On Monday, India and Seychelles signed six agreements in key areas, including cybersecurity, and made important decisions on maritime security and defence. Seychelles President Danny Faure also attended a luncheon hosted by Prime Minister Narendra Modi after bilateral talks. When the narrative was entangled in negative rhetoric, India lost the will to take into account the concerns about the loss of sovereignty that led to a revised agreement. Worse still, when the debate on sovereignty was at the centre of his concerns, he did not focus on the complex nature of relations between India and the Seychelles. In June 2018, at a press conference (before his visit to India), Seychelles President Danny Faure said that the project would not progress and that it would not be discussed during his visit. Once in India, it was reported that talks had taken place and that the two countries agreed to “work together to represent each other`s interests”. But beyond these statements, no progress has been made, which has given weight to Seychelles opposition leader Wavel Ramkalawan that “the assumption agreement is dead.” Trade between India and Seychelles reached only $40 million in 2010-11, with the trade balance strongly favourable to India.  Tourism, fishing, oil exploration, communications and information technology, computer training and medicines were identified as areas of economic cooperation between the two countries.   India and Seychelles signed a bilateral investment promotion agreement in 2010 and in 2012, during President Pratibha Patil`s visit to Seychelles, India renewed a $50 million credit line and a $25 million grant.   Among Indian private companies, the telecommunications group Airtel has a strong presence in Seychelles after buying Telecom Seychelles and participating in the Seychelles East Africa submarine wiring project.  Already in 2015, India and Seychelles signed an agreement for the joint development of facilities on Assumption Island, which will be used by both countries.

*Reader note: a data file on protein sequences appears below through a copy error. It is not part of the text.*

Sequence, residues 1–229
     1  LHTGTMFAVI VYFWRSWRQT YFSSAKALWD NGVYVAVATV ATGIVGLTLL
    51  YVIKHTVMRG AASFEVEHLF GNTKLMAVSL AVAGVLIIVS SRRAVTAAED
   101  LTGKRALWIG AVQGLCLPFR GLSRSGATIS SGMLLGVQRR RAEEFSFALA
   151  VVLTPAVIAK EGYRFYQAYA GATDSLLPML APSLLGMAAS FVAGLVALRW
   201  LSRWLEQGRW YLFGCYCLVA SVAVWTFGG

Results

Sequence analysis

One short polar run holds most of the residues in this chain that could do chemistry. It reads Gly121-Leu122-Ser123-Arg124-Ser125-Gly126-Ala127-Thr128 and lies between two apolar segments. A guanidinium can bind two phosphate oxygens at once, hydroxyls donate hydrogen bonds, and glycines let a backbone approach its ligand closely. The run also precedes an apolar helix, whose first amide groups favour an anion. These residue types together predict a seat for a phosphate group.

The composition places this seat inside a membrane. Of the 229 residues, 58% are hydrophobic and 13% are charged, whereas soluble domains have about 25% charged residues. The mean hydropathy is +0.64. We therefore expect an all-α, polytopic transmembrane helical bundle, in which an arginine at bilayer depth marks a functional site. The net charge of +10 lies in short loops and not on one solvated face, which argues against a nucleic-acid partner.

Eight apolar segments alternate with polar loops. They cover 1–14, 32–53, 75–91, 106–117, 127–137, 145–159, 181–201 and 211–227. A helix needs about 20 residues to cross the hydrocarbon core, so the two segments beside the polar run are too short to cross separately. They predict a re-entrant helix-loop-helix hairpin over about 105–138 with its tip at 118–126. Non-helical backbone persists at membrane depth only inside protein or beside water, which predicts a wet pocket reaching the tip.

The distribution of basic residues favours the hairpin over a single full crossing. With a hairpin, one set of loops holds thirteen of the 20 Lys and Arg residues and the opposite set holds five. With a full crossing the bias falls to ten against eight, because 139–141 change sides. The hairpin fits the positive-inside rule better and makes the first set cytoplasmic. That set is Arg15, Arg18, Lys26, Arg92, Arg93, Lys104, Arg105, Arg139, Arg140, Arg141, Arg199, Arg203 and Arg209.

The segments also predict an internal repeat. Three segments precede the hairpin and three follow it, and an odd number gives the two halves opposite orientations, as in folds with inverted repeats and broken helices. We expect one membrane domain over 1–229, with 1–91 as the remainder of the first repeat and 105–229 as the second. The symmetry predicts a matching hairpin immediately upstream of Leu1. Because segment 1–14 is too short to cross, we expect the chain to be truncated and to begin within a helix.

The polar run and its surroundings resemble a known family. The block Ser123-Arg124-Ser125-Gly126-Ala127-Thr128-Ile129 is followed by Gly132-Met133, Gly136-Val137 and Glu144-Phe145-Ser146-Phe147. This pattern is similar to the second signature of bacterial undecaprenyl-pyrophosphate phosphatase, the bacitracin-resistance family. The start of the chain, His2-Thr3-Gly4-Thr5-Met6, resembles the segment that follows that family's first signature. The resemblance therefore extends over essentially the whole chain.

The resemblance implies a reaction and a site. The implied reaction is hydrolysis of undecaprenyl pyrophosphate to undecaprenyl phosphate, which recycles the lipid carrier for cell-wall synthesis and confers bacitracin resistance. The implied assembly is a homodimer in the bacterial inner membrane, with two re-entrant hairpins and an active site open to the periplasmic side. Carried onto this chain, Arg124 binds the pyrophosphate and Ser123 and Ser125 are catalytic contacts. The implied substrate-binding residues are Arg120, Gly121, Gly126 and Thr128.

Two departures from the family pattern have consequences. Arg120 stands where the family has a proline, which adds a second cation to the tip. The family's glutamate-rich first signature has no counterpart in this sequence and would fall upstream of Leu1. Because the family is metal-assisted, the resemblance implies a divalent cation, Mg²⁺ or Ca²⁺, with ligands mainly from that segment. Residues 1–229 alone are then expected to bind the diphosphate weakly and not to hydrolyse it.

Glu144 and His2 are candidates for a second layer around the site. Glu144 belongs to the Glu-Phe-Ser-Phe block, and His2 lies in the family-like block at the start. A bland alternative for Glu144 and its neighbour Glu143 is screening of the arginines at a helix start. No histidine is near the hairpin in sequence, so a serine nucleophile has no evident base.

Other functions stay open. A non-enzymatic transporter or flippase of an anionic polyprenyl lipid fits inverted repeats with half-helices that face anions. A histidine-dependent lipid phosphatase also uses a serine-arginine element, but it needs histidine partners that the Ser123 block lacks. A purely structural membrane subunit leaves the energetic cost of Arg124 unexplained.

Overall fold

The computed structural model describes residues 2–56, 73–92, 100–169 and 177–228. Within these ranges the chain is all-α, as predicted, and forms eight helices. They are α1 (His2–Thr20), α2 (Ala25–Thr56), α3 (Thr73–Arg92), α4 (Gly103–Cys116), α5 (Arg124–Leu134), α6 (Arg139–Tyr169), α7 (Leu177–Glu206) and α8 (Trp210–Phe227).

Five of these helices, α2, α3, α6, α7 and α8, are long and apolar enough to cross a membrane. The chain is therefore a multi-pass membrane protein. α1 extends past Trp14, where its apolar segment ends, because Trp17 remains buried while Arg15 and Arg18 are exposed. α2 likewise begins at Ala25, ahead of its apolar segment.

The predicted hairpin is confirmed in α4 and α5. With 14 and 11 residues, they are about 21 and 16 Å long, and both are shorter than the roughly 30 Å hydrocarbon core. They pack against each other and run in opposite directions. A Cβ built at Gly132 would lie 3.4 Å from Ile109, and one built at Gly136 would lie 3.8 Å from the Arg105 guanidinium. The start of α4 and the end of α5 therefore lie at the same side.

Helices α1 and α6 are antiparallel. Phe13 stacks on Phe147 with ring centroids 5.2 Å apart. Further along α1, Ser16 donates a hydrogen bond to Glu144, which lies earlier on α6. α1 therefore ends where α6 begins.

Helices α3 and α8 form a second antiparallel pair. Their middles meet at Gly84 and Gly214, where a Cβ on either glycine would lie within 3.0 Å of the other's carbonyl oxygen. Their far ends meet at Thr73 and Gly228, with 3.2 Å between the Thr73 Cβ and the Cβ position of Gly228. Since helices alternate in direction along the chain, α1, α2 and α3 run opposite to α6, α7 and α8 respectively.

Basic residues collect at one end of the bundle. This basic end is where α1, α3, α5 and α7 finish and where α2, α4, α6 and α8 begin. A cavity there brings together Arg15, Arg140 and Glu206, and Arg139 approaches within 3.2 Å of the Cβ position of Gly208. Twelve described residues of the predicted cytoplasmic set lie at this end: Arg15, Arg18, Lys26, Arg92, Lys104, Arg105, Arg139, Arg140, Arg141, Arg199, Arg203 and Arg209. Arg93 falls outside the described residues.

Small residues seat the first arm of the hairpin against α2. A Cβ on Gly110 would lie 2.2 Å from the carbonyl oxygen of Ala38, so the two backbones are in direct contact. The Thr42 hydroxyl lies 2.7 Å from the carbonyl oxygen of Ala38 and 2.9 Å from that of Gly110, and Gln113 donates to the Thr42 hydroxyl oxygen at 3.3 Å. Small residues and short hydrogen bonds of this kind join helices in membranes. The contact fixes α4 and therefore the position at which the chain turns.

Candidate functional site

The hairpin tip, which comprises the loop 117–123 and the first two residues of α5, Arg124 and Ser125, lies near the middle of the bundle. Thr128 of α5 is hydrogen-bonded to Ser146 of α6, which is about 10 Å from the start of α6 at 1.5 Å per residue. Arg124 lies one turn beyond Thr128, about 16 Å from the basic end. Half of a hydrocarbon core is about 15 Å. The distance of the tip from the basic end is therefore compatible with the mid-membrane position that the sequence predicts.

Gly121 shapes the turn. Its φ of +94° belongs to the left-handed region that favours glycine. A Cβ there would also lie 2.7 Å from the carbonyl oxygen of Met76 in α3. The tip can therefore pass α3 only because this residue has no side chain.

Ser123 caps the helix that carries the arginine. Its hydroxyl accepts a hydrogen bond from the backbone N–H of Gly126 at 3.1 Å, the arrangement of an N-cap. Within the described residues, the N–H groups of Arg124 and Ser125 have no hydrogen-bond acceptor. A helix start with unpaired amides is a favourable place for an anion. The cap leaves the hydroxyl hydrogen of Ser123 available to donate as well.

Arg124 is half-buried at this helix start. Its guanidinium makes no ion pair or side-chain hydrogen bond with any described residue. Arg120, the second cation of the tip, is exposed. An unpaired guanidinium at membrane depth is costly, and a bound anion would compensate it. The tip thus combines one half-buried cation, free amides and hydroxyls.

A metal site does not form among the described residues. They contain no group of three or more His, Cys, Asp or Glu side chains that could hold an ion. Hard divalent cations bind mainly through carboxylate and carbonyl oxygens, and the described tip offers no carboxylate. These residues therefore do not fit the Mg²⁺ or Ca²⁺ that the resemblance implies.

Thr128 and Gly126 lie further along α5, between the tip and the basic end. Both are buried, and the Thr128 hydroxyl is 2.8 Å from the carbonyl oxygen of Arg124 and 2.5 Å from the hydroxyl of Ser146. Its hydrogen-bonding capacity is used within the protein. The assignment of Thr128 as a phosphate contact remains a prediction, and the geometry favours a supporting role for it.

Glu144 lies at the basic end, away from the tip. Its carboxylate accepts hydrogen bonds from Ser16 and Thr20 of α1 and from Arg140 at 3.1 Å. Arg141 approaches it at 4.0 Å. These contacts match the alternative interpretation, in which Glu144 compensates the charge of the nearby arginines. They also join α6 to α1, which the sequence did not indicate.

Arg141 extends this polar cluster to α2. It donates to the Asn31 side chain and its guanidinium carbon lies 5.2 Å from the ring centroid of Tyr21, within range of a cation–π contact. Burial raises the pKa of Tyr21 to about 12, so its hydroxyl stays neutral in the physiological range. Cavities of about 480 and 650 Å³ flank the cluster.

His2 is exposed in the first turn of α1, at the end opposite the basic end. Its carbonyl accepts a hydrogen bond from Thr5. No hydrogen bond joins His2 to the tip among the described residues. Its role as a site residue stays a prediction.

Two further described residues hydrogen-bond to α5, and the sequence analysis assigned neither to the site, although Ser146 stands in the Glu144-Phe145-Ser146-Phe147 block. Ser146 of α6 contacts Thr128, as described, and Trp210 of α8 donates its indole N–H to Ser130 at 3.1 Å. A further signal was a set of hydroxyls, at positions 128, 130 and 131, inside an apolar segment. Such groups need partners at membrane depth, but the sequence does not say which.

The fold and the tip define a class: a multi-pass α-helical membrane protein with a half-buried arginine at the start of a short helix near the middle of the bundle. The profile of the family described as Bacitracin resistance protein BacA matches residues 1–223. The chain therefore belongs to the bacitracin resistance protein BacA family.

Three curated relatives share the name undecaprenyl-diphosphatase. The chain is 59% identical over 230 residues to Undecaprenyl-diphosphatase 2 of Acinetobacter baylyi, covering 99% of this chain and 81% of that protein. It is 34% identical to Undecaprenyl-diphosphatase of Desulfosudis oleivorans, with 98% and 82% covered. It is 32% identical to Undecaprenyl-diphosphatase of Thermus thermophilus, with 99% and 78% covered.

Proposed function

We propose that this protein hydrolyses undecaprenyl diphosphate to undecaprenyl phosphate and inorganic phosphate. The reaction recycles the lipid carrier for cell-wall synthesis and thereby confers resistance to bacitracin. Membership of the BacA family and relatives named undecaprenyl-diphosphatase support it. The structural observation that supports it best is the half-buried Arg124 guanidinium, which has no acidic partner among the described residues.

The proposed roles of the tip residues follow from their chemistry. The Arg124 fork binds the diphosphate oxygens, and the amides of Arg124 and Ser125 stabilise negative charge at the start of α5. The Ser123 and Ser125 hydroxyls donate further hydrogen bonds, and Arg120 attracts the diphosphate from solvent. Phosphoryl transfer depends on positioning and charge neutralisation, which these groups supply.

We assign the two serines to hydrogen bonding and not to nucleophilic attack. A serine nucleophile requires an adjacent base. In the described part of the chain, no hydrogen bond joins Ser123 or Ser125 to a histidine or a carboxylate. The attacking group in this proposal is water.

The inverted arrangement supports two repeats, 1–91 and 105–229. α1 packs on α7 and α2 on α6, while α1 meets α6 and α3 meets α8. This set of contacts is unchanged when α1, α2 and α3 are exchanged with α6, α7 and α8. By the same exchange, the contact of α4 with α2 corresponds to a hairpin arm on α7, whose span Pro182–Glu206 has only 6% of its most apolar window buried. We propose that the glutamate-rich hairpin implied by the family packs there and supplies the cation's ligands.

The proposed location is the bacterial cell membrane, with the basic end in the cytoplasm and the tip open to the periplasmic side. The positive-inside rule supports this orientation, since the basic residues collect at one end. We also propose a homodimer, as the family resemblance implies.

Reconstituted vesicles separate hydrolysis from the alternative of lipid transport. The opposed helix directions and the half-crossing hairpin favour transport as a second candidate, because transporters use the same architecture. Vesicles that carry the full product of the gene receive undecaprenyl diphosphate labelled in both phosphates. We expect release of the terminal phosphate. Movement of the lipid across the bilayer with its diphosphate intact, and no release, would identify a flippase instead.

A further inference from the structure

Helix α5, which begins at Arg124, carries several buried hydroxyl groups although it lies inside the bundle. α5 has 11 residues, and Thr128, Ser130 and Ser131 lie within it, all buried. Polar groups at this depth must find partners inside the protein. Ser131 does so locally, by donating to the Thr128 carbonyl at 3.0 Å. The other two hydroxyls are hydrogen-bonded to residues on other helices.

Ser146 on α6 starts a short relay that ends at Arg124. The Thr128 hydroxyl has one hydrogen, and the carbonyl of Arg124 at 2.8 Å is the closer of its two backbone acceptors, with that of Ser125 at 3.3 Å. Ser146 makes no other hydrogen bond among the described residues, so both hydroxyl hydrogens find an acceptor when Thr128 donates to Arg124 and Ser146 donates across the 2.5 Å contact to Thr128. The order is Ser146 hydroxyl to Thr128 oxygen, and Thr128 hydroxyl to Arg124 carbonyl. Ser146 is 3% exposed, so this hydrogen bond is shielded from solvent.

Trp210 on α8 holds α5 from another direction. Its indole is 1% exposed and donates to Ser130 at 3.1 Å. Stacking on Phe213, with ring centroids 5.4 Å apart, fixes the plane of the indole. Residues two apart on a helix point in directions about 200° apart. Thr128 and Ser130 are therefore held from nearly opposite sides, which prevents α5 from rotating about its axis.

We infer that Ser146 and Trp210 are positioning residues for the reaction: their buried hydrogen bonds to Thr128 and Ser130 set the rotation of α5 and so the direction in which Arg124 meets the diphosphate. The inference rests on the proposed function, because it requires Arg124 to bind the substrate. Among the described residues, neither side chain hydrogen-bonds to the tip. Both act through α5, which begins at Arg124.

The Assumption Island is located about 1,100 km southwest of the main island of Mahé, Seychelles. The proposed development was intended to help the Seychelles coastguard patrol, among other things, against piracy, illegal fishing and drug trafficking in the country`s exclusive economic zone (EEZ). No agreement is completely dead, but in terms of domestic policy and public concerns, this project risks being halted until it becomes politically and environmentally viable. High-power competition, pervasive in international relations, poses other challenges.